Nadalié USA

I had the privilege of photographing the Napa Valley cooperage Nadalié USA along with its Master Cooper Alain Poisson recently for Life & Thyme. Nadalié has been making handcrafted barrels in the traditional French style for over 30 years, making it the oldest in America. I documented the process from the aged wood being cut down into staves, to the toasting room where each barrel is watched over by an experienced cooper. Below are a few select images, and you can read the full story here.

Deal Island, MD

It's the middle of winter and bitter cold—but that doesn't stop these Chesapeake Bay watermen from dredging for oysters in Deal Island, MD. The tedious and repetitious process of dredging requires hard work, a battling of the elements, and high physical demands over the course of a thirteen hour day. I was lucky enough to venture out with the locals on a Skipjack—a type of boat rarely used for oystering anymore. This vessel is one of the thirty-six remaining traditional Chesapeake Bay Skipjacks and member of the last commercial sailing fleet in the United States.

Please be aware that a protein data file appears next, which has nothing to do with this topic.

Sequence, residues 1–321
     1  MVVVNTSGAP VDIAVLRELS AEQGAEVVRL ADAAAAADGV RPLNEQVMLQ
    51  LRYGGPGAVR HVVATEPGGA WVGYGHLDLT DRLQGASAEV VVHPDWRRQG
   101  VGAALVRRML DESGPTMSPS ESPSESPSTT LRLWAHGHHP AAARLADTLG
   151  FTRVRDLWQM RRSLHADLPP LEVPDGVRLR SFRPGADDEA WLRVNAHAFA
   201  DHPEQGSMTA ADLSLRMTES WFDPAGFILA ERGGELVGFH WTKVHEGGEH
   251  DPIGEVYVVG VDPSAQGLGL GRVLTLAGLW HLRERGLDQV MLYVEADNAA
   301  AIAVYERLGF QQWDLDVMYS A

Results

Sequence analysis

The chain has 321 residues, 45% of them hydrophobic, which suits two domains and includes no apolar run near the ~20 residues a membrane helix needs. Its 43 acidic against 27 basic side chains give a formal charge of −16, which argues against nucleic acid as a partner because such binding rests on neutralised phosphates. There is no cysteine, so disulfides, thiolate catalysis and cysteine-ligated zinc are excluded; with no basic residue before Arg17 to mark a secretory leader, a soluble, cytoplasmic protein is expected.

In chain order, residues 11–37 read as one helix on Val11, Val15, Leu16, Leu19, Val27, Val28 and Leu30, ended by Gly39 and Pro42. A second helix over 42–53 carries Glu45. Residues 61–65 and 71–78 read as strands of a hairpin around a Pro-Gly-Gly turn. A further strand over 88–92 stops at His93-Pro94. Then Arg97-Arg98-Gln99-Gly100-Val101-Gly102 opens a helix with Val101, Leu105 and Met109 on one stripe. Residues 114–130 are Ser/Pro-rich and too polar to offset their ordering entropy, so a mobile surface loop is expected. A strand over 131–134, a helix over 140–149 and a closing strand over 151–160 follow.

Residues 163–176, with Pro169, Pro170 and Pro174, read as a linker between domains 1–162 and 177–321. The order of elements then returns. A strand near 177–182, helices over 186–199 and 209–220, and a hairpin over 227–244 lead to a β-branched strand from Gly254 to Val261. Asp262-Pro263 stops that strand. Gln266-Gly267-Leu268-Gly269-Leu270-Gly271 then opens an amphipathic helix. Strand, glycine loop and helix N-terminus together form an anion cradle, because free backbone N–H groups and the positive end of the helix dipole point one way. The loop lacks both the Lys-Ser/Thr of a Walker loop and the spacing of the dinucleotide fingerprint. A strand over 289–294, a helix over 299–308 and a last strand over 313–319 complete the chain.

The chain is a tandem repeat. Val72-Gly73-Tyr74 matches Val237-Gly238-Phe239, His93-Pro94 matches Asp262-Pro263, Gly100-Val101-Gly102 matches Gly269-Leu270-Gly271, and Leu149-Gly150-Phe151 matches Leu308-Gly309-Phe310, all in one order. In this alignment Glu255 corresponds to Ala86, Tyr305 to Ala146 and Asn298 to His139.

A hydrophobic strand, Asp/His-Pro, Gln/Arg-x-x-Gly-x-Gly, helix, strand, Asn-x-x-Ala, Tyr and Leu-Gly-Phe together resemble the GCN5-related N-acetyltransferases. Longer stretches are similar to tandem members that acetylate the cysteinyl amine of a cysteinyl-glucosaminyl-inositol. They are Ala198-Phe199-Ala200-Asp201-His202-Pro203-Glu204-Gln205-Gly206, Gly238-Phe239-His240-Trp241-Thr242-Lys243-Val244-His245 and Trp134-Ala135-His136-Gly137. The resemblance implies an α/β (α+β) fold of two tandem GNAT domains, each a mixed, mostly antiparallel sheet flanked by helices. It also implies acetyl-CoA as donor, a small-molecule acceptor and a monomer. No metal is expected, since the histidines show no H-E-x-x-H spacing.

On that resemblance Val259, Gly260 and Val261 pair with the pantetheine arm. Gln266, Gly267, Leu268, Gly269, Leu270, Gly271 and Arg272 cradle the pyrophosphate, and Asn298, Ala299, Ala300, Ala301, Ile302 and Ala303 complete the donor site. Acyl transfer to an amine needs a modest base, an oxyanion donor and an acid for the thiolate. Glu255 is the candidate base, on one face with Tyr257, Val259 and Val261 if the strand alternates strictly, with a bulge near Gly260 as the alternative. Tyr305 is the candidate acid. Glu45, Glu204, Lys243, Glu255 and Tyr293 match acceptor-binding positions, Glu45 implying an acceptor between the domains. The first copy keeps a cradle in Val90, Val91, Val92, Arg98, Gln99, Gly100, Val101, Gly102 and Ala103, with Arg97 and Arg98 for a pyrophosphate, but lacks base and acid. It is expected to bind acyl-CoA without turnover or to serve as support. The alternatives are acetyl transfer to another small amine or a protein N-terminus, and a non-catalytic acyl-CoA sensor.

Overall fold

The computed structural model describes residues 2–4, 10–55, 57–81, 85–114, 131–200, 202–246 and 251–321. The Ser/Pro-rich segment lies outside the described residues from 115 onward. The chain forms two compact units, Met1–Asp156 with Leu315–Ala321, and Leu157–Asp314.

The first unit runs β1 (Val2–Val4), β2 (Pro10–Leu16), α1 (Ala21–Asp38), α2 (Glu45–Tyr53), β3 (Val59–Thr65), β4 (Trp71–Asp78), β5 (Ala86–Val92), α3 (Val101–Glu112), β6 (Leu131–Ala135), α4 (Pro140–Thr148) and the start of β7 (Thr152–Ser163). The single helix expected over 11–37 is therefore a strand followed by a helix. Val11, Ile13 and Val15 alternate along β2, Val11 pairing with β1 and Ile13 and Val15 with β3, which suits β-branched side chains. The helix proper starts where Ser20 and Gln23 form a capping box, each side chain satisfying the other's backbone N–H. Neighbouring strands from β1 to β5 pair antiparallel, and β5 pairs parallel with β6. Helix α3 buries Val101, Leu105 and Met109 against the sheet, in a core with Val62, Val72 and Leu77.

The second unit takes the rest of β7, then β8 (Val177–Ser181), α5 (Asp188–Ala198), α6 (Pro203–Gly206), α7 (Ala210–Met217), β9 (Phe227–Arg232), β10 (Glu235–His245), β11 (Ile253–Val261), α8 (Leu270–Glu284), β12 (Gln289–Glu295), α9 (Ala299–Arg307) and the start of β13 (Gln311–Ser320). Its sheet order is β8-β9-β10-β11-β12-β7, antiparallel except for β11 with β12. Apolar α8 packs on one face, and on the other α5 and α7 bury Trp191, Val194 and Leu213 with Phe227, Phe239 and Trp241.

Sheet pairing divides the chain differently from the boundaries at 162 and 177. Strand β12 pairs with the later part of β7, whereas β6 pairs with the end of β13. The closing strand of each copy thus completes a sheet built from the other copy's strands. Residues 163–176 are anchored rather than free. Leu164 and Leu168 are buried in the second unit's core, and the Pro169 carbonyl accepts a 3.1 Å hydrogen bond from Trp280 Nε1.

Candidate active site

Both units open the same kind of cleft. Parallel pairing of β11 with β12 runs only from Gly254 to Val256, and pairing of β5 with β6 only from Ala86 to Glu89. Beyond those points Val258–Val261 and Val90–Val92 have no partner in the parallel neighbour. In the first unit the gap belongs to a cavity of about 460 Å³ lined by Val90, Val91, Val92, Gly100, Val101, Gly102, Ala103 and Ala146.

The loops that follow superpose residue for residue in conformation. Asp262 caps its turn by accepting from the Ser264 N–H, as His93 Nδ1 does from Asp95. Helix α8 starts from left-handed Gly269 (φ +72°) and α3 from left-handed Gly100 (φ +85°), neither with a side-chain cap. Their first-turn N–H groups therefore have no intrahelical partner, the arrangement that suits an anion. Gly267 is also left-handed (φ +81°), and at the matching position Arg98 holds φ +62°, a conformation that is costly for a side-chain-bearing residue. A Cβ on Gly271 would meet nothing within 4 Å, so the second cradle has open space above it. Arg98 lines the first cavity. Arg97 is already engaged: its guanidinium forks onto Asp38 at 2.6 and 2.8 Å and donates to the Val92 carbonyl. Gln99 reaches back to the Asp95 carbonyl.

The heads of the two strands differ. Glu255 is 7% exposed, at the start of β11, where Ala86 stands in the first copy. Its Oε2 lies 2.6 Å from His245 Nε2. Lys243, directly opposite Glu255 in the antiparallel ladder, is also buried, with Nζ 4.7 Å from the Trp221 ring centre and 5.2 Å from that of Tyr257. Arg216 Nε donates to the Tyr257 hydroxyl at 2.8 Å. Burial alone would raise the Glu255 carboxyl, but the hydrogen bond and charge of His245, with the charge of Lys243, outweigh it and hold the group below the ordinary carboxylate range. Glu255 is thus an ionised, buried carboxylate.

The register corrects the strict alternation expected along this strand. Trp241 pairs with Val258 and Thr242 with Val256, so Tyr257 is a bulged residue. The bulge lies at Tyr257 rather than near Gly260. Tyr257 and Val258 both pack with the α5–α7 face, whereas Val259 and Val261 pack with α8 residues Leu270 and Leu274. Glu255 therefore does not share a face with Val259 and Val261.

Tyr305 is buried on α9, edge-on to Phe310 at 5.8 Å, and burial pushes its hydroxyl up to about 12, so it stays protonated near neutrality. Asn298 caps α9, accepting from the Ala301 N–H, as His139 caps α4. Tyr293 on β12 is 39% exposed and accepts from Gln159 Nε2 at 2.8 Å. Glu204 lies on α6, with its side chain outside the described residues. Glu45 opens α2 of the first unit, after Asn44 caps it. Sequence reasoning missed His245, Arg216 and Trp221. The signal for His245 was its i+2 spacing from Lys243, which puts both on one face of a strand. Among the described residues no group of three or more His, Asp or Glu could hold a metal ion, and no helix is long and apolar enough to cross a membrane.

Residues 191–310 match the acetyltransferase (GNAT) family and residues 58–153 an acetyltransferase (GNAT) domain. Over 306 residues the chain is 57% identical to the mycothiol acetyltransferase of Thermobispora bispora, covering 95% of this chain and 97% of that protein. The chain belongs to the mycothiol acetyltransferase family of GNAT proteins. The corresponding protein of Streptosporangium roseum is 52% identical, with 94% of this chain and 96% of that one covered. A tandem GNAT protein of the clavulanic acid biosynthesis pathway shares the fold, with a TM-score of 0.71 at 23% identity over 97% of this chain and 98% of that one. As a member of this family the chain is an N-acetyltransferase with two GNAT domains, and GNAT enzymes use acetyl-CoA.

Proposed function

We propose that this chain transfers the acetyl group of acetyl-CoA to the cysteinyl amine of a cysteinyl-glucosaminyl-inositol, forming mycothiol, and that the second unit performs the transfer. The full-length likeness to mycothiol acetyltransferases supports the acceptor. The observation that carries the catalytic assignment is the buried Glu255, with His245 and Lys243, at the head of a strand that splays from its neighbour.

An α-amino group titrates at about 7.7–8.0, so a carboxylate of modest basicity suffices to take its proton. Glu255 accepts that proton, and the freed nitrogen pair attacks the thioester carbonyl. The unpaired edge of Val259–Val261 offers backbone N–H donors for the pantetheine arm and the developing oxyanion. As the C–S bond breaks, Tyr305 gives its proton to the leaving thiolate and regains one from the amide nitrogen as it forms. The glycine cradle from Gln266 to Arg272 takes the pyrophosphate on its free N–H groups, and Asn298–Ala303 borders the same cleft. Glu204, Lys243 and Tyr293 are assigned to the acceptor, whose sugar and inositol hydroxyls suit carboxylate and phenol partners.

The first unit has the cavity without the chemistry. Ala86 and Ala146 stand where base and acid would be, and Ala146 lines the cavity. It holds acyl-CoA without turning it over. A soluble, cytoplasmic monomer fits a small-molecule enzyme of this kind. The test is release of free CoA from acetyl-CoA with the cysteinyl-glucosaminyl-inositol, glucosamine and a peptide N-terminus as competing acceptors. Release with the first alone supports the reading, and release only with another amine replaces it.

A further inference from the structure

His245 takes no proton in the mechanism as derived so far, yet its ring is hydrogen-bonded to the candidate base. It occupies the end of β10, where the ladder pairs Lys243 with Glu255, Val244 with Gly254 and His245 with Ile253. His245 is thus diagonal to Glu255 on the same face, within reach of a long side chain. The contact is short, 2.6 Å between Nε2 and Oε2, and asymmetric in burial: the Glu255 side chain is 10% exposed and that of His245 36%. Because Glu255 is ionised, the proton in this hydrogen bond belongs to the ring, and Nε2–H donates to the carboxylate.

See this story and others here.

Fly Fishing, MT

I had the privilege to visit Montana this past summer and shadow a professional fly fisherman for a couple days. You couldn't ask for a better backdrop and a more perfect subject. For three days, we explored Montana's scenic rivers, each one offering something new to look at. Thanks again to Nicholas Calabro. Not only was he knowledgeable about the land, but he was intensively passionate about fly fishing, which translated through these pictures.

See the entire project here.

Eleven Hour Day

I recently documented fishermen who were fishing for dungeness crab in the San Francisco Bay. The experience gave me a new perspective on what actually goes on behind the curtain of our food culture. I couldn't help but continue this ongoing exploration (obsession). I contacted a friend who is a chef in Southern California, and asked if I could shadow him for his eleven hour day. In the series of Fishing for Local Fare, I talked about the hands that touch our food—this is an extension of that thought. Exploring a more personal look into the life of a chef at a fine dining establishment.

View the story here.